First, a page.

The necessity of a High Court hearing to resolve fundamental ambiguities in a will has underlined the wisdom of testators employing professional will drafters.
The will of Ronald Anthony Allcroft Gibbons was drafted in such a way as it to leave open to question the identity of his intended beneficiaries. The wording employed, and in particular the positioning of commas in the document, gave rise to four possible interpretations of the testator’s intentions and left it unclear as to whether his estate should be divided into 13, 10 or four parts.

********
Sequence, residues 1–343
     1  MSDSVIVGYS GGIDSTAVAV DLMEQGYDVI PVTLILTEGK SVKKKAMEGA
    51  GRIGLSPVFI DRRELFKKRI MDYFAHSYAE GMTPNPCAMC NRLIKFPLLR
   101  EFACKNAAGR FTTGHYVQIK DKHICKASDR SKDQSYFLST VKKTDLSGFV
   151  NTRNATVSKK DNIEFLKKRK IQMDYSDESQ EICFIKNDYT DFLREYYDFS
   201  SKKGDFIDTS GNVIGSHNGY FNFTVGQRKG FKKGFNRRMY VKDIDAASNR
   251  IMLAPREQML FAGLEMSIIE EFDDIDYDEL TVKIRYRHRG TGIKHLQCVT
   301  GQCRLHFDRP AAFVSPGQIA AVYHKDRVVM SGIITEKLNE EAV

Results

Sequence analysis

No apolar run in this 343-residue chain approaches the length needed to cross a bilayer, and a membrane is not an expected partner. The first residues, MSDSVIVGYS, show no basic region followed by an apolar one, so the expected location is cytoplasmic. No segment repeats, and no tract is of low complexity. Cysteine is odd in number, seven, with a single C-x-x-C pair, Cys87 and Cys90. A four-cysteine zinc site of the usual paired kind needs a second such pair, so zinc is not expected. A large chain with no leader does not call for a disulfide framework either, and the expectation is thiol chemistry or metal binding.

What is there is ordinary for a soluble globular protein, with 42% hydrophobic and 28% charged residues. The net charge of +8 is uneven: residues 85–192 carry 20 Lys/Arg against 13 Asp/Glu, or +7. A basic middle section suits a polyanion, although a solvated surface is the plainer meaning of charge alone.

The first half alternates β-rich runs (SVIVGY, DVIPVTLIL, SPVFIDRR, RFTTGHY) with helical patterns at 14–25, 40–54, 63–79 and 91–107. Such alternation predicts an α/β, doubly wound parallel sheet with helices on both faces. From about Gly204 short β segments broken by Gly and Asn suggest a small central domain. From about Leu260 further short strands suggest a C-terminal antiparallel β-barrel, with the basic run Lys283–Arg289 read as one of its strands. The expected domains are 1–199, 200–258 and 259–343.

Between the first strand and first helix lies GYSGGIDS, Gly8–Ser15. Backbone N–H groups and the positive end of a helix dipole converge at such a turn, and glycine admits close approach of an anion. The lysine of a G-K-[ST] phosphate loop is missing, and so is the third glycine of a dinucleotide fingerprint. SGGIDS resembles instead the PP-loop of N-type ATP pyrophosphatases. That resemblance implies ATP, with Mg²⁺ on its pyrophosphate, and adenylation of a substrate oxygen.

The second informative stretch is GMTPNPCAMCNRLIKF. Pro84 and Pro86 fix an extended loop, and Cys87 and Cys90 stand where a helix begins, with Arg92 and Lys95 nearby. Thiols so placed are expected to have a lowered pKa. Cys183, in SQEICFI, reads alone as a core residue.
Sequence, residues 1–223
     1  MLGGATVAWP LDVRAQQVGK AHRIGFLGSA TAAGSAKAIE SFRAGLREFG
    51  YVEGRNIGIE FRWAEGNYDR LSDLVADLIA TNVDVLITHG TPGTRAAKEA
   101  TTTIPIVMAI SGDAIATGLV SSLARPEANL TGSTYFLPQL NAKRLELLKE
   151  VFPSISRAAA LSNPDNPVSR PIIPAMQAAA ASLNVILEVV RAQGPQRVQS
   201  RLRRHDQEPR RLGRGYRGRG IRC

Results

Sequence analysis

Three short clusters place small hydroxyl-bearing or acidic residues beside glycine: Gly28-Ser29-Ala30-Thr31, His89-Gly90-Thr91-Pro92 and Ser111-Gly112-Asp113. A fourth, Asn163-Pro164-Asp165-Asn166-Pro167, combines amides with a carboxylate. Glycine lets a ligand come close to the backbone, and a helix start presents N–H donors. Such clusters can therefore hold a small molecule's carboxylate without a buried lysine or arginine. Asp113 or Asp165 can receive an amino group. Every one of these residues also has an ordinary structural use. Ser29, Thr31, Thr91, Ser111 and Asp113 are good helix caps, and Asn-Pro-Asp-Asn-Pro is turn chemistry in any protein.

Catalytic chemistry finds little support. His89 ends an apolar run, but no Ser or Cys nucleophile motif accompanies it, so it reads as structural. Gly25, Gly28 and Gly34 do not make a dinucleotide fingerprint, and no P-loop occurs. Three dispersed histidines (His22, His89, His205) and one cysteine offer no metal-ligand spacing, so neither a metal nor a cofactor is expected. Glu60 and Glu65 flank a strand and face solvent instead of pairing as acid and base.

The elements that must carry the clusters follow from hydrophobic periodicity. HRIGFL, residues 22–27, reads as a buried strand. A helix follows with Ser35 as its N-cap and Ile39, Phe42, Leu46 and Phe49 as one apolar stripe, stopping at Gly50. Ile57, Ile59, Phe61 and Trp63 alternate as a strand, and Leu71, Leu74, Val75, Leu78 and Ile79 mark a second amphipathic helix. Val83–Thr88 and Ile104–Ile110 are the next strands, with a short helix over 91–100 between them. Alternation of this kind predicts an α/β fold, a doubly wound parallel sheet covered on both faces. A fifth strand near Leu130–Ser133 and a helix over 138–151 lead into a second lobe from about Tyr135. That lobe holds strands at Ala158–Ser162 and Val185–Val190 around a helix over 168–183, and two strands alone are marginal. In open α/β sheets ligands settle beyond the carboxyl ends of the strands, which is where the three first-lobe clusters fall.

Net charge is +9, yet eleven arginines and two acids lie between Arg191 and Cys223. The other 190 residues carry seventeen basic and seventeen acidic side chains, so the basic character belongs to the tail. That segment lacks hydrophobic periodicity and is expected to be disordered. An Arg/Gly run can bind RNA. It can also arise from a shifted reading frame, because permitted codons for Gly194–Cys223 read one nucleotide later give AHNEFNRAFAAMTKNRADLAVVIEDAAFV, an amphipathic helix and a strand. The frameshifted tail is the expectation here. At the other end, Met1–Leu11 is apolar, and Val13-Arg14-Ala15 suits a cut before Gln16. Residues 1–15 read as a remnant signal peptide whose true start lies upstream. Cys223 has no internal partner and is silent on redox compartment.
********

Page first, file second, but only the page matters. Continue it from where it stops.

Mr Justice Hildyard interpreted the will in such a way as to divide Mr Gibbons’ estate into 13 equal parts which will be inherited by two of the beneficiaries actually named in the will and 11 grandchildren. The judge said: ‘I am happy to have reached that conclusion as it seems to me the fairest solution as between the various minors involved.’
The costs incurred by the executors of the estate in bringing the case to court will be paid out of Mr Gibbons’ estate on the indemnity basis.
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